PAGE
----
This means that your white paper is more than an opinion created by an in-house marketing department. In fact, opinions shouldn’t make their way into white papers. A reputable white paper should contain facts, as well as focused and original research. Where to find this research? Your client might have it on hand from focus groups or surveys. Or you could be asked to examine academic literature or data-rich websites.
When to use
White papers are ideal when it comes to building trust and credibility with your audience. They’re used when companies want to explain industry trends, predictions or forecasts backed by well-sourced, primarily academic, information. Your white paper will likely be used to increase top-of-mind awareness among your prospects and clients by demonstrating expertise and impressive knowledge.
Here are points to consider when writing a white paper:
- Watch your tone. White papers should be constructed in a highly academic, very professional tone. Always use third person language.
- Back up points with facts. Again, white papers aren’t containers for opinions. Take the time to conduct independent research, and be sure to source it. This can be done with footnotes, end notes or in-parenthesis citations.
- Be sure to position the content so it’s readable. The white paper’s tone is conservative. But the layout needs to be easy to read. Use headings, subheads and bullet points to ensure readers can easily digest the content.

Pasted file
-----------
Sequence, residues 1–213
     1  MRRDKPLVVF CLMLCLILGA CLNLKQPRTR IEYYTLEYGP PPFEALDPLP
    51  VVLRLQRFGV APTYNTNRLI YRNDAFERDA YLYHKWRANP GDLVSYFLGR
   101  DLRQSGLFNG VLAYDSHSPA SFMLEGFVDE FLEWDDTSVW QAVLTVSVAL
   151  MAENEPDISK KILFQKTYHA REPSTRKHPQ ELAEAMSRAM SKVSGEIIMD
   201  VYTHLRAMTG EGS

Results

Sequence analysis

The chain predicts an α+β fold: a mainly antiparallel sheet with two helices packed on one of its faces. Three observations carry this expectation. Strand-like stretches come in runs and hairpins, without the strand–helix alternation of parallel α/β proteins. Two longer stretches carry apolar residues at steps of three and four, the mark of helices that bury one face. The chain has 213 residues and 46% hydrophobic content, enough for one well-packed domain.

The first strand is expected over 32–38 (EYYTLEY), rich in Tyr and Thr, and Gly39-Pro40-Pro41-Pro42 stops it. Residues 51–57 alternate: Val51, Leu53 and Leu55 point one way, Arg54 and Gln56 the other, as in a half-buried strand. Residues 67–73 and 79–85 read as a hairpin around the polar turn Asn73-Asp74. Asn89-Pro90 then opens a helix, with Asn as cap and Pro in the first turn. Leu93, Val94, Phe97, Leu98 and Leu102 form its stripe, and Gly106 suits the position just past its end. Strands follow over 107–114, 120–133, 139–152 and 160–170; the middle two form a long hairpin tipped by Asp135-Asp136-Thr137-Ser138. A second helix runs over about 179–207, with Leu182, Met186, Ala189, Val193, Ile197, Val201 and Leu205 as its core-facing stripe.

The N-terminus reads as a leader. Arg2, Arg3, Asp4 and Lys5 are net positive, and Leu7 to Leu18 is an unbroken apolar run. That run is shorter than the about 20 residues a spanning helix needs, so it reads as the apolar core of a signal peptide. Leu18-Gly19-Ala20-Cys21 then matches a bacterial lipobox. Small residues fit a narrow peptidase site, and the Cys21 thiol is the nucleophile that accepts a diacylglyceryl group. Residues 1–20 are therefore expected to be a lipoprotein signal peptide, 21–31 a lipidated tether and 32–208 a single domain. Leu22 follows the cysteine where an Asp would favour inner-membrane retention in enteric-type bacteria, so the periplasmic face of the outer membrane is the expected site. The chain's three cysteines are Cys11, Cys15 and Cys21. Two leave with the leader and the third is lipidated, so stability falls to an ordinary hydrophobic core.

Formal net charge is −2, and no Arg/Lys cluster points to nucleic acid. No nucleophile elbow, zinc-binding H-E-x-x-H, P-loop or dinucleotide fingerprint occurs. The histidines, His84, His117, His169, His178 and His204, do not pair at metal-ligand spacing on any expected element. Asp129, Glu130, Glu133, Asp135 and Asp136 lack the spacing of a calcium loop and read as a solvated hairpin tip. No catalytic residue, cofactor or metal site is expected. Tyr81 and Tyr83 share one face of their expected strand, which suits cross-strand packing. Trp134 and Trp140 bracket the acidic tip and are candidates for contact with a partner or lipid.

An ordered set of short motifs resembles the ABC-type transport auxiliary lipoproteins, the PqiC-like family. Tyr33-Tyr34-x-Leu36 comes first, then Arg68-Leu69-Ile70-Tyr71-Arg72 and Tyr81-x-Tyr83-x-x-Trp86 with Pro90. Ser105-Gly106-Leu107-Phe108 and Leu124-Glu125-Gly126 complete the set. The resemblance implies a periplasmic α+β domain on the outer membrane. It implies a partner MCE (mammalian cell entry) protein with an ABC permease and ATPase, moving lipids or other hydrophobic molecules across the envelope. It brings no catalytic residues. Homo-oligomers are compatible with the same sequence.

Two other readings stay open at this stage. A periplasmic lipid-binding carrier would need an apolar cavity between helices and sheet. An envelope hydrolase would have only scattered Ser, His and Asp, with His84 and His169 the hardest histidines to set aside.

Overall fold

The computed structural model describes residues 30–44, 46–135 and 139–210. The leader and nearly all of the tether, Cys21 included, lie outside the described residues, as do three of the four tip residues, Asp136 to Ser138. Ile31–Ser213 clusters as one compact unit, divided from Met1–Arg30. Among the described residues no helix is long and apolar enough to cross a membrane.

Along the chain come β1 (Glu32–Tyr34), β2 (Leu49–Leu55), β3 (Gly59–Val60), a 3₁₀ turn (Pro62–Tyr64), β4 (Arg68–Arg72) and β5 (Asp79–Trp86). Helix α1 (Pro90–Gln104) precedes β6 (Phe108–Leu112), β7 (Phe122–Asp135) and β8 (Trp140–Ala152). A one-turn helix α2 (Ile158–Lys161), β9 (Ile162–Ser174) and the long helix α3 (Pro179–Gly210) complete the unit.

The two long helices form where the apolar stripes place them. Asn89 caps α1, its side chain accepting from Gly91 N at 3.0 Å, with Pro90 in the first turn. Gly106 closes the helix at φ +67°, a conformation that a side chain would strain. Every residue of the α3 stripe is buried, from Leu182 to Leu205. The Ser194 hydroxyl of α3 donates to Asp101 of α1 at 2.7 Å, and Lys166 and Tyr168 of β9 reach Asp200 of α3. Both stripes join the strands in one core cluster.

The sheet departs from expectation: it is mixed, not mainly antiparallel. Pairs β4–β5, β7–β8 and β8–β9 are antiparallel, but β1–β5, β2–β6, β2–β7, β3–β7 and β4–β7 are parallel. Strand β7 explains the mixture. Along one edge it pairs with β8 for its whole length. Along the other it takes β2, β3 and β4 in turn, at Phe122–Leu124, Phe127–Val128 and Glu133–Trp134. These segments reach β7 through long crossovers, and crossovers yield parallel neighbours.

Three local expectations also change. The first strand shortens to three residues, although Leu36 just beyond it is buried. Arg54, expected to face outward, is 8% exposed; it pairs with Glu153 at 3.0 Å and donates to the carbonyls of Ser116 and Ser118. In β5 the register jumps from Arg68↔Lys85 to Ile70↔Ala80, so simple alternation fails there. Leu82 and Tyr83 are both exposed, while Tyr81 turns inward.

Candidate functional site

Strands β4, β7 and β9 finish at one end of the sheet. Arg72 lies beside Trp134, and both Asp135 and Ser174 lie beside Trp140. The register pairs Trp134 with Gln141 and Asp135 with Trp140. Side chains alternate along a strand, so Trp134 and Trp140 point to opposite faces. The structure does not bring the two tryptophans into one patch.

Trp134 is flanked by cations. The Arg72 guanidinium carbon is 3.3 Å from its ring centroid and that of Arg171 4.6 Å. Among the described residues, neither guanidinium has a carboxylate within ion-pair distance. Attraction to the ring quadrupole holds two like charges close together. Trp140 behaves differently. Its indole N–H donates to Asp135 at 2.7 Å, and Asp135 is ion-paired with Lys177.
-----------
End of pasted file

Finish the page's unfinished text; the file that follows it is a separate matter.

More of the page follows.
Case studies: Defining problems, providing solutions
Unlike white papers, case studies are a hard-sell tool, and they don’t need academic information to succeed. This is because case studies introduce a specific problem, discuss how a company’s product or service can solve that problem, and then focus on the results of that usage. Most times, case studies rely on real world specifics when it comes to solving a client’s problem or challenge.
Successful case studies are generally divided into four sections:
- The challenge or problem
- The product/service offered
- The solution (used by the specified product/service)
- The successful results, thanks to the solution
The goal with case study content is to demonstrate to prospects that a particular product or service can solve problems, and how it does so.
When to use
Use case studies when you want to showcase a particular product or service, and demonstrate how it solves a challenge or issue. This content format is a great testimonial, in that prospects that read it can understand how the mentioned product or service can solve their own problems.
When writing up your case study, consider the following:
- Brush up your persuasive style. Again, out of the three types of longer-form content, your case study will be higher on the “hard-sell” style. The focus here is to convey that, as a product or service helped a client, it can help the reader as well.
- Highlight a problem similar to what your prospects face. To fully appreciate the benefits of the solution, readers need to know that the presented problem relates to what they’re going through.